Elise Denjean, with AFP 3:01 p.m., February 8, 2022

EDF has announced the shutdown of three nuclear reactors for checks, following corrosion problems on safety systems encountered on other units.

In total, eight reactors are shut down.

These problems are likely to increase the strain on France's electricity supply this winter.

A supply already complicated by a busy and disrupted maintenance schedule due to the Covid-19 pandemic.

EDF announced on Tuesday the upcoming shutdown of three additional nuclear reactors for "checks" following corrosion problems on safety systems encountered on other units.

The Chinon 3, Cattenom 3 and Bugey 4 reactors will be shut down over the next few months, according to data published on the EDF website.

"We will stop them to carry out checks," said a spokesperson.

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8 reactors shut down in France

These checks follow a documentary review of the entire French nuclear fleet in search of corrosion problems already confirmed on at least four reactors, currently shut down.

Three other reactors will also be checked, but during shutdowns that were already scheduled.

The shutdown of Flamanville 2 will however be extended by 5 weeks.

Finally, EDF extended by five months the shutdown of two reactors where corrosion problems had already been detected (Penly 1) or suspected (Chooz 1).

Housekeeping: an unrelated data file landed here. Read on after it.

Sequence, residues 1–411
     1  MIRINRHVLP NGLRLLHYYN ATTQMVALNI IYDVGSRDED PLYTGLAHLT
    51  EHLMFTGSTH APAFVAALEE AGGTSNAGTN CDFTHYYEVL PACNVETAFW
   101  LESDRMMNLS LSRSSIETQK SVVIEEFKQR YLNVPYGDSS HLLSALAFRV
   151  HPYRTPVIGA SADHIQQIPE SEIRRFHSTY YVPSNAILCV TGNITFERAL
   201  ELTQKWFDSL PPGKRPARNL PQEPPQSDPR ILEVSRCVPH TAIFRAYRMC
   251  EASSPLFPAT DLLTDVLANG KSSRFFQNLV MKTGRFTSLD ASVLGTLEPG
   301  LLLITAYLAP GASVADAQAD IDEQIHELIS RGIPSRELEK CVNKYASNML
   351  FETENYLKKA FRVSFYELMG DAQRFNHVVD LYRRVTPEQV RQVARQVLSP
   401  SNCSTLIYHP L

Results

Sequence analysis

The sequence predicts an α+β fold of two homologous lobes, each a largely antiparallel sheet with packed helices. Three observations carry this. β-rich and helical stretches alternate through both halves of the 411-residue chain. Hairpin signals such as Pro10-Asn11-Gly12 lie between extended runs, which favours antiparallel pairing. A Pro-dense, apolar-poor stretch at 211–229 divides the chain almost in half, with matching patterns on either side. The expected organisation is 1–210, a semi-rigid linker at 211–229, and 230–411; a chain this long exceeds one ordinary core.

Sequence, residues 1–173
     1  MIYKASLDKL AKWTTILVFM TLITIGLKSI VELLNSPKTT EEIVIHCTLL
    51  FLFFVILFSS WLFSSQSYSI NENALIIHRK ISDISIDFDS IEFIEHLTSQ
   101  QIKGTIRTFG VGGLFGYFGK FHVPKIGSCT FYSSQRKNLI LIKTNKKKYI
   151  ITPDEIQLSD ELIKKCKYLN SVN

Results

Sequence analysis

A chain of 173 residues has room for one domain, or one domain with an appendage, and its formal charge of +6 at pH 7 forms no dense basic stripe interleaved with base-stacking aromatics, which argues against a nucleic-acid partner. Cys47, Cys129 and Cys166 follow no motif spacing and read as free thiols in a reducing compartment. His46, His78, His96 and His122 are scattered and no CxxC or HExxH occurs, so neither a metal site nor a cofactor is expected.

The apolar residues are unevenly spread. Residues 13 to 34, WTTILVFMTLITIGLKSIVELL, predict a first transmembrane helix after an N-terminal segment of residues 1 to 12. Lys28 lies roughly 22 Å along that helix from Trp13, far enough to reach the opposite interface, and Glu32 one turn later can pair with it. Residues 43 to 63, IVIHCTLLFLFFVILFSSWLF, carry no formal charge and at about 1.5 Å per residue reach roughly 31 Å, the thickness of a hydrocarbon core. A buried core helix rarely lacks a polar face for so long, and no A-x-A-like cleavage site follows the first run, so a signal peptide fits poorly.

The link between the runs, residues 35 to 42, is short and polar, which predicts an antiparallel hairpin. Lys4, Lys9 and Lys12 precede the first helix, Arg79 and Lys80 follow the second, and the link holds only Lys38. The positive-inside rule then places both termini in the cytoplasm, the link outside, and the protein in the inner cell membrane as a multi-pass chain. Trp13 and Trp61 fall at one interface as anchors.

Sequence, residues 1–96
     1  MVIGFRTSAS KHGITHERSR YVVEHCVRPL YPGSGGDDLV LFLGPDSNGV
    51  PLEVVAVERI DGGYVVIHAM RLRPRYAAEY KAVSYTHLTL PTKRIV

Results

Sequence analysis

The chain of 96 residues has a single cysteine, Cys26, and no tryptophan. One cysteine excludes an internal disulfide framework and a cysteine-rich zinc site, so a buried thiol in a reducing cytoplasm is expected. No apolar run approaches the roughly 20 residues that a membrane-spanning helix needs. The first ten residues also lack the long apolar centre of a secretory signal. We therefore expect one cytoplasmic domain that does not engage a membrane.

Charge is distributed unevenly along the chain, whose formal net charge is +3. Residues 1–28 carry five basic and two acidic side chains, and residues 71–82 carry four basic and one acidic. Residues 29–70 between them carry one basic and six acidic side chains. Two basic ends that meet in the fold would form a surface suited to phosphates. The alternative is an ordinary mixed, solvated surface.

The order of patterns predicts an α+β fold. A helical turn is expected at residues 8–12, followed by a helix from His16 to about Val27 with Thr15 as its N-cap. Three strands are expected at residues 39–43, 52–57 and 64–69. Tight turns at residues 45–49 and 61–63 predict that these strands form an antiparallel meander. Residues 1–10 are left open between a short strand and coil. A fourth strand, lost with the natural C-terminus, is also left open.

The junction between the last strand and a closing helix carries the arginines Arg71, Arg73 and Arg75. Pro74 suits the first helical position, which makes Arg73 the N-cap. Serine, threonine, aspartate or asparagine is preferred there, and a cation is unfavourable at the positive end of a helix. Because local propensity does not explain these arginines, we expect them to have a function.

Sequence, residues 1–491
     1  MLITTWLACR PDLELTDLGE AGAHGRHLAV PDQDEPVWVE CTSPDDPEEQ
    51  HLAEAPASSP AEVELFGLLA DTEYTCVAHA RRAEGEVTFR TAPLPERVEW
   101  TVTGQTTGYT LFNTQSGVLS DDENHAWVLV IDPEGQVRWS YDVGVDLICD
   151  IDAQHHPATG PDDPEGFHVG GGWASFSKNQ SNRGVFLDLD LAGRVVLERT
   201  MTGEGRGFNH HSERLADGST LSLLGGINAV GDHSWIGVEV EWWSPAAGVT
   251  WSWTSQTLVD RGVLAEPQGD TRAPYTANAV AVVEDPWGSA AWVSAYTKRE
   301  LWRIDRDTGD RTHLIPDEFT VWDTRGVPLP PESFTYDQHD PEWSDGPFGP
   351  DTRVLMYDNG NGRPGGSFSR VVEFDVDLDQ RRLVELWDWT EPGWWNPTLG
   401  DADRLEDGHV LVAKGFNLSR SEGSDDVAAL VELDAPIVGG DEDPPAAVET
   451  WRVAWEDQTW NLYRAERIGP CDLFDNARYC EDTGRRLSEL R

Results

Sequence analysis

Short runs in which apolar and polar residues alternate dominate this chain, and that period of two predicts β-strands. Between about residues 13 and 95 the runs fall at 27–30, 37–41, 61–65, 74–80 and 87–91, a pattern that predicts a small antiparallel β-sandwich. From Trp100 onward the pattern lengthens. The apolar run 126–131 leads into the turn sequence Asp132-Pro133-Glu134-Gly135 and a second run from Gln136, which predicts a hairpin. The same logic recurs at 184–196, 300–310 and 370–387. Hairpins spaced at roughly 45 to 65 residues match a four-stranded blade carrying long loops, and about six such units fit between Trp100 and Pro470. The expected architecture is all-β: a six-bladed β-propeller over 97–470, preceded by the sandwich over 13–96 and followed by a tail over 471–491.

The first will not work until October 31, 2022 and the second until December 31.

EDF had lowered its forecast for nuclear production in France this year on Monday evening "as part of its control program on the nuclear fleet", following corrosion problems on the safety system identified on certain reactors.

The forecast has been reduced to 295-315 terawatt hours (TWh), from 300-330 TWh previously.

EDF, which initially aimed for a production of 330 to 360 TWh, had already revised its forecast downwards on January 13.

Concretely, France will therefore return to a level of production equivalent to that of 1991. 

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Towards a risk of tension for supply? 

These problems are likely to increase the strain on France's electricity supply this winter, already complicated by a busy maintenance schedule and disrupted by the Covid-19 pandemic.

The operator of the RTE electricity network had indicated on Friday that it was maintaining its "vigilance over the end of winter" for supply, due to a high number of shut down nuclear reactors, while noting that "the weather forecasts for the period are favourable".

“There is no risk of a blackout in France because we have put in place a certain number of mechanisms to avoid this”, assured Tuesday the Minister of Ecological Transition Barbara Pompili on France Info.

Still, the news does not come at the best of times for Emmanuel Macron: the president must indeed announce the details of his nuclear recovery plan on Thursday. 

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